Seeking Alpha

Taper boosted; Fed asset purchases lowered to $65B per month

  • In Ben Bernanke's last meeting as Fed chief, the FOMC tapers its QE pace to $65B per month from $75B.
  • FOMC statement
Comments (33)
  • Guardian3981
    , contributor
    Comments (2149) | Send Message
     
    Yes! Only another 65billion to go on a useless program that should of never been done to begin with.
    29 Jan 2014, 02:06 PM Reply Like
  • Topcat
    , contributor
    Comments (481) | Send Message
     
    Nonsense..it saved the world from a great depression II by giving countries and investors a safe haven, when nowhere was safe in the crisis. USA meanwhile makes a huge mistake by not borrowing at near zero interest rate in order to upgrade our transportation, communications, power systems to keep pace with the rest of the world. We will never have that chance again.
    29 Jan 2014, 02:10 PM Reply Like
  • DeepValueLover
    , contributor
    Comments (9404) | Send Message
     
    A safe haven in this instance was being able to run from a burning building into a house where only the kitchen and living room are on fire.
    29 Jan 2014, 02:47 PM Reply Like
  • Jake2992
    , contributor
    Comments (831) | Send Message
     
    Agreed, another one in a lifetime opportunity blown by right wing extremists in the congress. That is why Republicans aren't fit to govern.
    29 Jan 2014, 03:19 PM Reply Like
  • jjlester345
    , contributor
    Comments (3) | Send Message
     
    Like Japan has done for the last 20 years, now they have found QE instead of endless infrastructure projects
    29 Jan 2014, 03:25 PM Reply Like
  • TBV
    , contributor
    Comments (142) | Send Message
     
    totally agree
    29 Jan 2014, 03:37 PM Reply Like
  • Irving01
    , contributor
    Comments (8) | Send Message
     
    QA aided wealthy people and banks who were able to unload bad investments that will now "mature" on the fed balance sheet. These privileged few, who get the backing of the fed to cover their mistakes, invested their fed printed winnings in the market and hence the bull run. Now that all historic safe savings vehicles have been destroyed, main street is starting to load into the stock market again. And just in time for the privileged to start taking their profits. I'm sure they'll be back to buy on the big dip. It's an easy game if you have the capital, are of the privileged class and have a central bank cover your losses.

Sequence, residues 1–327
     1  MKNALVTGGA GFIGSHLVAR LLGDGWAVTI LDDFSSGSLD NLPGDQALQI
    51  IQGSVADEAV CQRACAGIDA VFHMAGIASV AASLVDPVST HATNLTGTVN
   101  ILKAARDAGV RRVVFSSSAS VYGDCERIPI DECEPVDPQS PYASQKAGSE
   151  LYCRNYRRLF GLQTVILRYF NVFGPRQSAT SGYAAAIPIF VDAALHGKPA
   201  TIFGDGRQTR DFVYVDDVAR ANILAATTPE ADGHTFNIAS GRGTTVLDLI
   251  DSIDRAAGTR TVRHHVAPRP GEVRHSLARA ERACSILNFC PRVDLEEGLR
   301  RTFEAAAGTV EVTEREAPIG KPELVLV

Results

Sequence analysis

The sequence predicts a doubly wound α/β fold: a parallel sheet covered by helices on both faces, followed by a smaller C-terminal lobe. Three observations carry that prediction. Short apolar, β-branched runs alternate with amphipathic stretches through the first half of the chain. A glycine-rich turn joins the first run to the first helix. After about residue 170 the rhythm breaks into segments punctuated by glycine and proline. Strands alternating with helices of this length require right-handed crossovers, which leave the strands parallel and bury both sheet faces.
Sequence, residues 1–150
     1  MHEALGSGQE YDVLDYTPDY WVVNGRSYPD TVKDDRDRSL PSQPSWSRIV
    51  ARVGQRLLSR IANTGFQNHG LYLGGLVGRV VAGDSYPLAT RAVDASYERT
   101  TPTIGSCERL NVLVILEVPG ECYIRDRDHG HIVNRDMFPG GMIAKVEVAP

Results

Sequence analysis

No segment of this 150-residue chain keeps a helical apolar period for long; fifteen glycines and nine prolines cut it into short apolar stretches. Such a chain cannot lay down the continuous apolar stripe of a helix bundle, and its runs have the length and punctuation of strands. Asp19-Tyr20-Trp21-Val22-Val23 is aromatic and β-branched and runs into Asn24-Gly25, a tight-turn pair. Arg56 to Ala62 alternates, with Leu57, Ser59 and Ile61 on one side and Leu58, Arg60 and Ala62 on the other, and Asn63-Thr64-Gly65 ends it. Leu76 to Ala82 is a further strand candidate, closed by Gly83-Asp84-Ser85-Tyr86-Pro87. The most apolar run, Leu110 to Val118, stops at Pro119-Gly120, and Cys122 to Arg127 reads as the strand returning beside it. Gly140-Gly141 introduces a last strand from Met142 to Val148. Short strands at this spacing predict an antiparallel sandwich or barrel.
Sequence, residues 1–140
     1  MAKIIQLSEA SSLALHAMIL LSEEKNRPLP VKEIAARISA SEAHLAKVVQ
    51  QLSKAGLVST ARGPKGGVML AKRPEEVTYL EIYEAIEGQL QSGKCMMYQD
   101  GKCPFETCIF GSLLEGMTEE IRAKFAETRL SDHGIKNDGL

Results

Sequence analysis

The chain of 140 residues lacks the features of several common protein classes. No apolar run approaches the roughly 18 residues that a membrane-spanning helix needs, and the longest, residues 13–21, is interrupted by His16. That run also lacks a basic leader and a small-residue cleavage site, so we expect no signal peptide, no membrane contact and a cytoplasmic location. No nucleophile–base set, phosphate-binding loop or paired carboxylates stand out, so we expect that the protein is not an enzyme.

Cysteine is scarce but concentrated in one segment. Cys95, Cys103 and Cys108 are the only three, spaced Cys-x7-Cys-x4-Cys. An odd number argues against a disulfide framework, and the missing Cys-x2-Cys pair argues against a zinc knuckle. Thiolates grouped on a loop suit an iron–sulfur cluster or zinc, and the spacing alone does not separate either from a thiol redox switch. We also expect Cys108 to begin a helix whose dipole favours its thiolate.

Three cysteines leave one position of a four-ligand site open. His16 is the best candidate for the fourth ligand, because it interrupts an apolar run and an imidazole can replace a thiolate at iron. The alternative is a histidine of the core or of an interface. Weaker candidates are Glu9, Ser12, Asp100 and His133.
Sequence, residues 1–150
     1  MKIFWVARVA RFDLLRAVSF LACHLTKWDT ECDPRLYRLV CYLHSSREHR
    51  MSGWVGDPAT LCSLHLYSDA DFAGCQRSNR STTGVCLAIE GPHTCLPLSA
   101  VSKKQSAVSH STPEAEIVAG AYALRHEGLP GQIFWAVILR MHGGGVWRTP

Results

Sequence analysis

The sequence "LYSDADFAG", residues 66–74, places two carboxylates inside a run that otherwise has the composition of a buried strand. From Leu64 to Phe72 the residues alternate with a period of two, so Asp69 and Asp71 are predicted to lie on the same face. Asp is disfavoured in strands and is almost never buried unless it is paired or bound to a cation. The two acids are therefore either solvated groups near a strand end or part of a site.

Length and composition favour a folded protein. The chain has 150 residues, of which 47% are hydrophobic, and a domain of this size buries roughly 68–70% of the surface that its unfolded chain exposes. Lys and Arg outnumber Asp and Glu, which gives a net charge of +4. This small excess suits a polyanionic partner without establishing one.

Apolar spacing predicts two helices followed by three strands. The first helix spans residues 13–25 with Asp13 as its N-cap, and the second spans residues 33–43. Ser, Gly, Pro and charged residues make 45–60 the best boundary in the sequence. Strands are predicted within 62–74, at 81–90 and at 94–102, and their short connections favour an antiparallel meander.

29 Jan 2014, 09:52 PM Reply Like
  • Moon Kil Woong
    , contributor
    Comments (11474) | Send Message
     
    Saved is a strange word for something that has thrown us into economic limbo for years now and can't be unwound. As for a Great Depression, it's hard to say if there would have been one, but its easy to see that there most likely will be one if QE is reversed. Right now we aren't even talking about its reversal, just stopping its expansion, and look at what it is causing.

     

    It's my bet the US will never be able to stomach a complete cessation of QE. It must be forced off it by foreign creditors from buying any US Treasuries in which QE is used to fix the bond yields lower than what the real market dictates.
    30 Jan 2014, 01:26 AM Reply Like
  • Moon Kil Woong
    , contributor
    Comments (11474) | Send Message
     
    You are quite wrong, this is the 2nd time we engaged in QE. The first time was in the roaring twenties up to the Great Depression. Talk about being doomed to history repeating itself. Bernanke obviously knows 20's QE caused the Great Depression and seems to be hankering to cause another one. He is not a savior, more like a devil.
    30 Jan 2014, 01:28 AM Reply Like
  • BISTRO_CFO
    , contributor
    Comments (117) | Send Message
     
    Topcat, I agree!
    29 Jan 2014, 02:11 PM Reply Like
  • june1234
    , contributor
    Comments (3066) | Send Message
     
    EEM is not going to like that
    29 Jan 2014, 02:25 PM Reply Like